Johnson believes the winter months can be an isolating time for seniors, and offers this advice: “We strongly encourage our clients to find a senior center near their home where activities take place daily, and many times will include a meal option. Many local churches also have retirement groups that meet frequently and do local outings together.”
The top advice Johnson offers families considering living options is to speak with a professional and touring communities alone. “This will give you a better understanding of what home care can provide versus the need to make a move. Everyone we work with wants to stay as independent as they can and live in their own home. However, when the care levels increase to a point where a move to a senior community is best suited, we advise our clients and help them in that transition as best as possible,” says Johnson.
Another source of information for seniors is Oasis Senior Advisors, which provides referrals and assistance to seniors and families free of charge. Beth Friesen, RN, CCM, CSA, the owner of Oasis Senior Advisors, spoke to Strictly Business about their free services. “Oasis Senior Advisors is a referral placement service specifically geared towards seniors who are no longer able to live at home. Our role is to educate and inform clients about the many options here in the Lincoln community and surrounding areas. Any assistance we provide is absolutely free of charge, no strings attached. We work with seniors and their loved ones in order to streamline the process of finding new living arrangements, which unfortunately can be an extremely stressful situation. We also connect clients to other resources they may need.” says Friesen. After working as a registered nurse, Friesen was motivated to work in elder care and dementia care when her mother was diagnosed with Alzheimer’s. Friesen is experienced with communicating with families with questions about dementia and Alzheimer’s about options that are available to them. “I’ve found that of those who are going through the process of finding their elderly loved ones new places to call home, and not just anywhere but at a facility that’s the best fit possible for that individual, many do not know that a service like mine exists. By simply applying the right expertise, I’m able to minimize the stress of this process on everyone involved,” says Friesen.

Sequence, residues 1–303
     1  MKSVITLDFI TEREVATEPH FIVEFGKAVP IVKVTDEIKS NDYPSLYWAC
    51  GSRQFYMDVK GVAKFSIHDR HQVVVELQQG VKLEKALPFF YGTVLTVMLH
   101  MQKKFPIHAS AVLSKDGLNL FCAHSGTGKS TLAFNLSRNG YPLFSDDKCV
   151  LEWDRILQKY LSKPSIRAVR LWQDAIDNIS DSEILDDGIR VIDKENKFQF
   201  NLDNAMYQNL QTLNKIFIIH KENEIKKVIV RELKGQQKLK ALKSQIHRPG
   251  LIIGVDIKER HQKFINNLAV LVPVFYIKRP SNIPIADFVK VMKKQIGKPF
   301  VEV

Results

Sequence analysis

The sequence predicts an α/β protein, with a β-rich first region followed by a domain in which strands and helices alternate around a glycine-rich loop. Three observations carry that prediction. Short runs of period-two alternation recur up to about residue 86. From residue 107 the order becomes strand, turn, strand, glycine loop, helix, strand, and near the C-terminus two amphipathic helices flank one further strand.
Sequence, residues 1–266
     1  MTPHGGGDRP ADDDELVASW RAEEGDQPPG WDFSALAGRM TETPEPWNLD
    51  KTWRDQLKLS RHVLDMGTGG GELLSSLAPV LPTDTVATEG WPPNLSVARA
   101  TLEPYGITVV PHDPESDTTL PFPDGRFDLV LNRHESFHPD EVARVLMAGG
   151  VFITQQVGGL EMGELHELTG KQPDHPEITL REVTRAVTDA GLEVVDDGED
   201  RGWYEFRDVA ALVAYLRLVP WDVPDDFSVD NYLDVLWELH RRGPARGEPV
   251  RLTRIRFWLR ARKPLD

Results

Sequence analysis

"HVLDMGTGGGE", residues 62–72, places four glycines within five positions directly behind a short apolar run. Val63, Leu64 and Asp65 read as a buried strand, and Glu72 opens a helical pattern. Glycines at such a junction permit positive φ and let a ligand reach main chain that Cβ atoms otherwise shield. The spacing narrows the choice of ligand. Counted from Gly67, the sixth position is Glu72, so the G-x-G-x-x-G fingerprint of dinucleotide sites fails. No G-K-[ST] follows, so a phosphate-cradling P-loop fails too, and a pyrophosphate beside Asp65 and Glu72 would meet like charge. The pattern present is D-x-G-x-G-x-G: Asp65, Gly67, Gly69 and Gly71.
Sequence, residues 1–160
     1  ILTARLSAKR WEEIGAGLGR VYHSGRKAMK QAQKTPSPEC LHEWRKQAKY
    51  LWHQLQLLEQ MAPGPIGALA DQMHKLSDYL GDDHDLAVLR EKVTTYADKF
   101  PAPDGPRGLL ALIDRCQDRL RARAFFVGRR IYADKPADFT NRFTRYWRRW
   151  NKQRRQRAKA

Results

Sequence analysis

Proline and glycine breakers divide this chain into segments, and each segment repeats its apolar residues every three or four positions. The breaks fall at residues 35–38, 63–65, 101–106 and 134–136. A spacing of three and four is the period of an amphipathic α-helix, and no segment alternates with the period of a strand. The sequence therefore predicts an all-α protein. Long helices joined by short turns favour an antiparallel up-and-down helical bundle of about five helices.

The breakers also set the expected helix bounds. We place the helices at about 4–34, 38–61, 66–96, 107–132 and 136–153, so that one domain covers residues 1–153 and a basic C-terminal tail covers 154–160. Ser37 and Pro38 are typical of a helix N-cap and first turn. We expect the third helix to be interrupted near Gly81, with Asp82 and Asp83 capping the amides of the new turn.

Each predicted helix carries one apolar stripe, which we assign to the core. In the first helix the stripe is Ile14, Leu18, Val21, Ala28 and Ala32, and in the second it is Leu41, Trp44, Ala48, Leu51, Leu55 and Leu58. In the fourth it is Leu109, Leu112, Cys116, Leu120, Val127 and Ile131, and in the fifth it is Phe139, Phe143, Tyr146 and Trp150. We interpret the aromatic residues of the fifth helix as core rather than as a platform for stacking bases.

Bridge to Better Living (BBL) also provides a free service to clients and their families when they are considering moving to an Independent, Assisted, Memory Assisted, or Long-Term Care community. Robbie Nathan brings 35 years of experience in home health care as the Director of Training and Staff Development for Bridge to Better Living. “Bridge to Better Living is a locally owned and operated senior living transition placement service in Nebraska. We pride ourselves on ‘Placement with Passion’ and have an excellent reputation for lessening the stress of those researching a Senior Living Option. We are at no cost to the client and a person-to-person service, not a computer-based business,” says Nathan. An advantage of helping a Senior consider their personal situations is reducing their concerns regarding a move to Retirement Living.